How To Soundproof A Garage?

It’s great to have a garage for parking your car and storing out-of-season items, but what if you want to use your garage as an alternate living space, a workshop, band practice area or for some other activity? What do you need to do? The first step to making your garage livable is soundproofing. In this article, we tell you how. Read on to learn more.

7 Considerations When Soundproofing Your Garage

Considerations When Soundproofing Your Garage

1. What kind of soundproofing will you need?

What kind of noise do you plan to make in your garage? If you’ll be using power tools, playing drums, moving heavy objects or perfecting your clog dancing skills, you’ll be making impact noises.

If you’ll be listening to music, practicing your Shakespearean soliloquies or watching sports on TV, you’ll be making airborne noise.

Each of these two types of noise require specific sorts of soundproofing. Of course, it’s entirely possible you’ll be making both kinds of noise, in which case, you’d need a combination of soundproofing methods.

2. Begin with a good, all around insulation treatment

No matter what kind of noise you plan to make, insulation is the place to start when soundproofing your garage. If you plan to spend time in your garage at all, you’ll want it to be comfortable and soundproof.

Insulating your garage door, walls, ceiling, and possibly the floor, will help you keep your garage at a comfortable temperature year round while simultaneously keeping outdoor sounds outdoors and indoor sounds indoors.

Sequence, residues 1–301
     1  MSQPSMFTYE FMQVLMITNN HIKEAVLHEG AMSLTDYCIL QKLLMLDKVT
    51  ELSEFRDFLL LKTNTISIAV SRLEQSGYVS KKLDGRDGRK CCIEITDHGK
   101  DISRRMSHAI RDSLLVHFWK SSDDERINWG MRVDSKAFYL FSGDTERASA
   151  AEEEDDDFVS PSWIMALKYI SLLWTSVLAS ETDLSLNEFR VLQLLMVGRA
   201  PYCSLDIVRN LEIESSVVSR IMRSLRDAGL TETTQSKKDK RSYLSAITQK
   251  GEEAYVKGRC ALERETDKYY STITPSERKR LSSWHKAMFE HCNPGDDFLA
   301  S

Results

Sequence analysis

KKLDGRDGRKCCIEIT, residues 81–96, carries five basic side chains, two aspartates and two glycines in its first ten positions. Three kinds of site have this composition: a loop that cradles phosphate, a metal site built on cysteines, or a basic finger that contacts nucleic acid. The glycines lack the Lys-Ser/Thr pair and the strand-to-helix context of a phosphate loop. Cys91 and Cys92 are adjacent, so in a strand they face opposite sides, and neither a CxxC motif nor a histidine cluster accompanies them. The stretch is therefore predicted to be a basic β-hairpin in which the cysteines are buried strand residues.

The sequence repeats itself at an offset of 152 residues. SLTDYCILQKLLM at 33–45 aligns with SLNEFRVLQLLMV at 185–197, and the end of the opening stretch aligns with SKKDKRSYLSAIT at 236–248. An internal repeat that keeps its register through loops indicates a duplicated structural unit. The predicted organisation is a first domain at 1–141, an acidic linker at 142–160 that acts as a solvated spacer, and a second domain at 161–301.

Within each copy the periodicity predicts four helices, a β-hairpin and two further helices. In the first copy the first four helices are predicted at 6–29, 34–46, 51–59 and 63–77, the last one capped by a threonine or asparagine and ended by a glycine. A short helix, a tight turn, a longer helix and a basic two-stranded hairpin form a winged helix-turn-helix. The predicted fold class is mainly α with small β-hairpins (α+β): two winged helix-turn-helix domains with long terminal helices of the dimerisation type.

Choices in insulation materials for your garage floor, walls and ceiling include:

For garage doors, you can purchase handy panel kits for sectioned or solid doors. These ready-to-use kits are affordable and easy to install.

When choosing insulation products, don’t skimp. You are always better off having more insulation than you actually need. Extra insulation means added soundproofing.

Purchase products that are intended to deal with the prevailing weather conditions in your area. No matter what type of insulation you choose to use in your garage, remember to put safety first. Look for fire resistant products.

3. Finish the garage walls

Once you’ve got your insulation in place, you’ll want to finish to walls so that you’ll have an attractive surface you can work with. If you are making your garage into a living space, you will probably want to install drywall because it looks good and adds a layer of soundproofing on its own.

In fact, you can use drywall as soundproofing material if you use a double layer. For added effectiveness, sandwich the two layers of drywall together with green glue, which acts to convert sound waves’ kinetic energy into heat energy.

Drywall is easy to work with, adds to fire resistance and presents a smooth surface that makes a good basis paint and finishing (if you use double drywall) or for the next step if you decide to finish with a different soundproofing material.

4. Install specially purposed soundproofing materials

One of the most effective products for soundproofing available is acoustic foam paneling. These easy to handle panels baffle sound and prevent it from vibrating and bouncing by adding a soft layer over hard surfaces (e.g. drywall). This product is especially good at absorbing impact noise and will also help with acoustic noise.